When traveling throughout the US, it’s clear that most things aren’t actually different. A Coca-Cola bottle in California will look exactly the same as a Coca-Cola bottle in Virginia. However, that Coke bottle is going to look drastically different in somewhere like Chile, which will look different from the bottle in Singapore. It’s things like this that make us slightly uncomfortable, like maybe we aren’t as settled in this place as we normally would be at home. Of course, in a foreign country, there are hundreds or even thousands of these small details that add up, showing us that everyone experiences the world a little bit differently than we do. This discomfort leads to us growing in massive ways, growing our comfort zone, and pushing our own limits to the edge.
4. We should spend time somewhere we don’t speak the native language
The trouble with traveling from state to state in the US is that everyone, with very very few exceptions, speaks English. The thing is, you don’t have to be a language learner to reap the benefits of being somewhere that English is not the native language. When in a country like this, one often finds themselves somewhat lost and confused. This feeling is a really good one, because it shows us that we have to rely on others to be able to make it through everything okay. Without a guide, a translator, or a local who you’re communicating with via hand gestures, you can seriously be lost and alone. It’s important to problem solve and learn how to communicate effectively without just using your words, because this skill translates to anything you do. Communication is a cornerstone of the collective humanity, and we should all strive to reinforce that foundation.
5. We must stop being complicit in cultural ignorance
It’s difficult to describe what it really means to have your understanding of everything turned upside down, so please, perform this thought experiment with me. Imagine, like you probably have experienced your entire life, that smiling was an indication of joy and happiness. Smiling is what happens when people laugh, it’s what happens when they’re pleased, when they’re experiencing something beautiful or glorious. Smiling is an external expression of generally good internal feelings. Now, imagine going somewhere that a smile was a symbol of sadness. People smile at funerals, they smile as they cry, they smile when bad things happen. At first this feels bizarre, having to watch people smile when in pain, and also keep yourself from smiling like you’ve trained yourself to do when happy. When you begin to think about the smile, it never actually meant happiness, that’s just what you associated it with. It was never bad that a smile meant happiness, and it was never bad that it meant sadness, they’re just different and that’s okay.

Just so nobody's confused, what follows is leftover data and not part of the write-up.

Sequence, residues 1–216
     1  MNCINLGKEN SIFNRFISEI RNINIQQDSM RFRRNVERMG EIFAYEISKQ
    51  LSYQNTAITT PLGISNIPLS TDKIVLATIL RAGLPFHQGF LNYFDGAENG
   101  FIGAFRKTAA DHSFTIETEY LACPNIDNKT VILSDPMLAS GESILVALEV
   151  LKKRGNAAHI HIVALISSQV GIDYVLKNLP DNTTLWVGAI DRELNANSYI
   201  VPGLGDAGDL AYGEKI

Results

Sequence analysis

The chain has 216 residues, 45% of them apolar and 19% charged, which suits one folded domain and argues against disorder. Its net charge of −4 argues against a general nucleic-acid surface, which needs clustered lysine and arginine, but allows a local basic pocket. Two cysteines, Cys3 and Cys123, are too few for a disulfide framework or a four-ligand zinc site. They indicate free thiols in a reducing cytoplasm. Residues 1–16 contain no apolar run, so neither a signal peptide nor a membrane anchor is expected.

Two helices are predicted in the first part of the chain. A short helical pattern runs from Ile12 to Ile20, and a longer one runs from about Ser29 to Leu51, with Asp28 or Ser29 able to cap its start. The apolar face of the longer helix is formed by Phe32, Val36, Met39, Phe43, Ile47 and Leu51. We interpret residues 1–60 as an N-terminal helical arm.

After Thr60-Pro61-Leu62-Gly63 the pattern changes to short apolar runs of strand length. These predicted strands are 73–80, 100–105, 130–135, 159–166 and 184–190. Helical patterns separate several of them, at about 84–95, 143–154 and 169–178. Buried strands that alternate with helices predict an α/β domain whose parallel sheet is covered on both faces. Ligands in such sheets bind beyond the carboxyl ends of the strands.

Obviously this thought experiment is a highly exaggerated and unrealistic version of what it’s like to not understand the culture you’re in, but the truth in it lies in the idea that the different is not the same as the bad. Just because a culture is different than yours doesn’t mean it’s inherently weird or bad, and the more we judge different cultures for the nature of their differences from ours, the closer we inch to xenophobia. Unfortunately, this thinking happens all too often in America, but we have the ability to combat it. When we travel internationally, we begin to recognize that different is not bad, and in many cases it can actually be better than what we have. But, if we choose to stay isolated in our home country, never venturing beyond the safety net of the border, the xenophobia festers and builds, and it turns into something very nasty. The more we can expand our cultural palette, the more we can recognize new and radical ideas as beneficial to the process of making a better world, rather than bad on the basis of being different.